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Seattle wants new rules for Uber and Lyft. Here's what that could mean

An Uber driver near the San Francisco International Airport.
AP Photo/Jeff Chiu
FILE - In this July 15, 2015 file photo, an Uber driver sits in his car near the San Francisco International Airport.

The Seattle City Council unanimously passed a resolution Monday to consider regulating transportation network companies like Uber and Lyft.

The city could end up raising base fares to $2.40, which is the minimum fare charged by taxis. Currently, both Lyft and Uber charge $1.35 as a base fare in Seattle.

Kim Malcolm talks with journalist Kevin Schofield about the impact of potential regulations on drivers and consumers.

[asset-pullquotes[{"quote": "Interview Highlights", "style": "wide"}]] What regulations are the City Council considering?  

Schofield: They want to make sure there's a minimum amount that Uber and Lyft passengers pay per mile.

And they really think this is going to do two things:

The first is make sure there's a level playing field with taxi drivers, because the fares that taxis charge are highly regulated. They’re fixed. But Uber and Lyft vary their fares over time. [The City Council] want to make sure there's fair competition.

The other thing is they want to make sure there’s a fair wage for Uber and Lyft drivers — that they're not being paid under minimum wage. And for those who are driving full time, they can really put food on the table.

There is a difference in how the drivers see this. Lay it out for the full-time drivers. What are their concerns?

This is their full-time job. Some of them work anywhere from 35 to 60 or more hours a week.

They want to make sure they're compensated fairly, and that they're making enough money to cover their expenses. They’re independent contractors, and they have to do maintenance and clean their cars. They have to pay all the licensing fees.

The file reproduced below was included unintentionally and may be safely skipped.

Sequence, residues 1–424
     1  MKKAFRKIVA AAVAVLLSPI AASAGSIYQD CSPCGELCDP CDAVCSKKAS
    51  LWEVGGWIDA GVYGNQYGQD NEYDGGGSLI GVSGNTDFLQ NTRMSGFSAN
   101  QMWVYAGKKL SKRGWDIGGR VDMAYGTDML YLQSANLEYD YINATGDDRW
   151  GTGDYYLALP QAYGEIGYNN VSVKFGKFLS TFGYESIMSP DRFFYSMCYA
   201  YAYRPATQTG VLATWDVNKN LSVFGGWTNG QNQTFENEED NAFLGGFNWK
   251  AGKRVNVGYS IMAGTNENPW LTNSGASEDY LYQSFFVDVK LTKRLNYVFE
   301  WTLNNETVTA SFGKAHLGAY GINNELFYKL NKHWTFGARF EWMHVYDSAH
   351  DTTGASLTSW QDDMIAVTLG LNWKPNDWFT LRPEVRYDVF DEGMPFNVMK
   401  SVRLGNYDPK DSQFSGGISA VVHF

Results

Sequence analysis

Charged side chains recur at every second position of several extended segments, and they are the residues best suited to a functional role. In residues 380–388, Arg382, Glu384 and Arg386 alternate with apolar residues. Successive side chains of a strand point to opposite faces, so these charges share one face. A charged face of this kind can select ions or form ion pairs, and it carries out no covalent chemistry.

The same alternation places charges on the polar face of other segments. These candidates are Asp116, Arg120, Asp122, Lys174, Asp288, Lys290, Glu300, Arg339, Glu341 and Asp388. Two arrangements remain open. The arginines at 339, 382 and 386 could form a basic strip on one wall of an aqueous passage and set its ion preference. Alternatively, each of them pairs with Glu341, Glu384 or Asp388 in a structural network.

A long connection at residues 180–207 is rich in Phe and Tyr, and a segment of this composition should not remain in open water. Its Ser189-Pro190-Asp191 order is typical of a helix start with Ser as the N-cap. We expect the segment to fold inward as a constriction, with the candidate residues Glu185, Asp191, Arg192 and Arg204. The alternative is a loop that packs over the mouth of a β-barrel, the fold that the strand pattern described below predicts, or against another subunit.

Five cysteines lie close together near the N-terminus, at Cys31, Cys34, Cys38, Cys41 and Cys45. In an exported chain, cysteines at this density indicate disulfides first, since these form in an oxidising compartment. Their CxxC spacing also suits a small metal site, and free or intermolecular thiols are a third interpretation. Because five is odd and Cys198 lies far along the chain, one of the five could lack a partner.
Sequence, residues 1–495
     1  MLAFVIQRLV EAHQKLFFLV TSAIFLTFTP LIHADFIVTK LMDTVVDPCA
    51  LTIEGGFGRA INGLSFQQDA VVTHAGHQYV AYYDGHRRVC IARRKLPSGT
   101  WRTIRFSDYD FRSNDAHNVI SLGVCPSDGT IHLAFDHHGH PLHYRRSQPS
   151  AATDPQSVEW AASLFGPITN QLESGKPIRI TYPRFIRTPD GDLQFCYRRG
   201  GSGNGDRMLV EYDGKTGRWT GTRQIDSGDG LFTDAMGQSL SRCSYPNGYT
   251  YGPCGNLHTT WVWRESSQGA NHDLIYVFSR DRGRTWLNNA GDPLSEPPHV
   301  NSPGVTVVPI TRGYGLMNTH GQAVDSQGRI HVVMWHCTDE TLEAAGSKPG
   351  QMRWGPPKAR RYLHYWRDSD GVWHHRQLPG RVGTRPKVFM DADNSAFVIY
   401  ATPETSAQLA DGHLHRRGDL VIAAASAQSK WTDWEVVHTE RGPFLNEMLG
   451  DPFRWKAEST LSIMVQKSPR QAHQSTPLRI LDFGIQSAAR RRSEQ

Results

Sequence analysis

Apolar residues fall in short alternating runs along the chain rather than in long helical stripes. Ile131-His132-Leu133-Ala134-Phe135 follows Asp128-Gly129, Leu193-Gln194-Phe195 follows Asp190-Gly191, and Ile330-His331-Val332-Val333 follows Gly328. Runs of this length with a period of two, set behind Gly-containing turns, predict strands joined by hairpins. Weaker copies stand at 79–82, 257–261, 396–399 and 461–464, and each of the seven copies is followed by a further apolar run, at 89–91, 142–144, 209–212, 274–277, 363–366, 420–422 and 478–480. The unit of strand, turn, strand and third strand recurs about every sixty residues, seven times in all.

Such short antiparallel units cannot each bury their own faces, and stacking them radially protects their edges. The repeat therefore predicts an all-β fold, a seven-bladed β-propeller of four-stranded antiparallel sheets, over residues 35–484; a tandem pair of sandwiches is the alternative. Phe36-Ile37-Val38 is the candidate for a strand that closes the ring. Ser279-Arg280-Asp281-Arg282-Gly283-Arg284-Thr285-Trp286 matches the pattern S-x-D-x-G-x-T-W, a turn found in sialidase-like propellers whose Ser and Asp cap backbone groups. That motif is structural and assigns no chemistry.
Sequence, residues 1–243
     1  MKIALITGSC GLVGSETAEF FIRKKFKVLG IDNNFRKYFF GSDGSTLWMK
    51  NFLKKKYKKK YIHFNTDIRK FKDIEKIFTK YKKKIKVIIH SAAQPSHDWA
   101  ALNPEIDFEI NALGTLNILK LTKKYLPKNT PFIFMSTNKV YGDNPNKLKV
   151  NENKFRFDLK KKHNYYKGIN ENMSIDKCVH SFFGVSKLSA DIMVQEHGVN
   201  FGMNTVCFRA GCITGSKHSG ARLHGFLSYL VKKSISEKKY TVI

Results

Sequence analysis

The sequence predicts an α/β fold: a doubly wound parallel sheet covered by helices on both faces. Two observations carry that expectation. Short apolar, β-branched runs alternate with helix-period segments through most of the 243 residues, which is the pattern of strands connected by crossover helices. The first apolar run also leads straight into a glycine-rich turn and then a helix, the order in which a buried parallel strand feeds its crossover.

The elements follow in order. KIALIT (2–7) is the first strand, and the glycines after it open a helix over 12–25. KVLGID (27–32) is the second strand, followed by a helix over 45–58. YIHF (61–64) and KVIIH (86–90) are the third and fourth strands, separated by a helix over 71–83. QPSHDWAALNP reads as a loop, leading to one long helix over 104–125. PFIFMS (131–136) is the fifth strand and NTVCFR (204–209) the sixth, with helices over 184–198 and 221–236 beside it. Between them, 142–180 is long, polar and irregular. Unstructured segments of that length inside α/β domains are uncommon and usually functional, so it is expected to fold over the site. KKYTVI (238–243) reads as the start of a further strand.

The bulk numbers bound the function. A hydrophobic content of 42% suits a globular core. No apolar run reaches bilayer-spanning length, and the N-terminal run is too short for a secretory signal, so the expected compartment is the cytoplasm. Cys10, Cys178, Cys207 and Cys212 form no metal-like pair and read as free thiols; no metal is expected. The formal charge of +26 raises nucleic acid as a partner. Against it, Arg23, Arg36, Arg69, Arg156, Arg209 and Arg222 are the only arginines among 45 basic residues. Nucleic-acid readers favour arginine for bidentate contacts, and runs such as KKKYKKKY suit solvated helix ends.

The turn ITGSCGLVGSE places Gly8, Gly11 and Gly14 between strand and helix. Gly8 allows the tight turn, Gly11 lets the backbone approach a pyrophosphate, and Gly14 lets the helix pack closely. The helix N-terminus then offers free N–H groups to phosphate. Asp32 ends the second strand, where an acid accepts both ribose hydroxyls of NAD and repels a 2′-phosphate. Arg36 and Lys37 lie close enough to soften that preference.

And for the part-time drivers, what are their concerns?

This is supplementary income for them. Some of them are retired. Some of them are just trying to use this as an extra job on the weekend or in the evenings to make some additional cash.

For them the most important thing is flexibility. Their biggest worry is they're going to end up being scheduled. If they end up being represented by a union, or if these regulations end up in place, they’re worried somebody is going to try to tell them what hours they can work.

How will consumers be affected by all of this?

One piece of this is whether they'll end up paying a little bit more for rides.

On paper, there have been a bunch of studies that say Uber is actually losing money today, and they're subsidizing the business with venture capital money. But that will eventually run out, and rates may go up anyway.

Uber and Lyft will still be free to do surge pricing in cases where there’s really high demand. What the council is talking about doing would only affect the minimum fare they can charge – not the maximum.

If the City Council decides to raise compensation, what long-term effects do you see on the ride hailing business here in Seattle?

I think it'll make it more practical for people to continue to do driving as a full-time job.

Because that's one of the big questions here: Are there jobs in the long-term as full-time drivers? Or is it all going to be part-time drivers both for taxis and for Uber and Lyft?

How do you see this affecting the immigrant community here in Seattle and King County?

Immigrants who have spoken at City Council meetings say this is one of the few jobs they could get when they first arrived in the country.

They may have to go back to school to get certificates to do other things that they did back in their home country. But this is something they could do immediately to support their families.

So they feel particularly vulnerable in this space. Council President Bruce Harrell is really sensitive to that point. And he wants to make sure that we do the right thing for the immigrant community here in Seattle

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Year started with KUOW: 2013